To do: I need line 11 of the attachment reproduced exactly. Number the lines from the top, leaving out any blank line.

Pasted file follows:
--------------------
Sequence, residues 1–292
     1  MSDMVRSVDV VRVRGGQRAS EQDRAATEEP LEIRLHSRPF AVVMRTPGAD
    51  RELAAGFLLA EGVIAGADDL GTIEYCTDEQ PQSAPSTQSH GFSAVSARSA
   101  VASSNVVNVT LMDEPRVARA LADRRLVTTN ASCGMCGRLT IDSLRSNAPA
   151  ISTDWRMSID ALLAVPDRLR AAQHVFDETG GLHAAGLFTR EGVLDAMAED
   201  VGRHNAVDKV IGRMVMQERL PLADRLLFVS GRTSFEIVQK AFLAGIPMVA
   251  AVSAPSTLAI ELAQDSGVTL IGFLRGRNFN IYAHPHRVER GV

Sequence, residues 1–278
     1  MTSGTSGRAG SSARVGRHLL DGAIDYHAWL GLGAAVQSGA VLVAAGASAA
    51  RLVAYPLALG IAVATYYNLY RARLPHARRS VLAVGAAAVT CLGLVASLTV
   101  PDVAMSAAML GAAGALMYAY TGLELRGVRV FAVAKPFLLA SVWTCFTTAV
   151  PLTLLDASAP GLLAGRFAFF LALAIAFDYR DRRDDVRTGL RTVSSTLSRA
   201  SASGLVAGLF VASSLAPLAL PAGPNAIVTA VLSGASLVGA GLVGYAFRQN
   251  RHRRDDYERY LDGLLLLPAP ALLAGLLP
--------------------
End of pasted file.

   101  PDVAMSAAML GAAGALMYAY TGLELRGVRV FAVAKPFLLA SVWTCFTTAV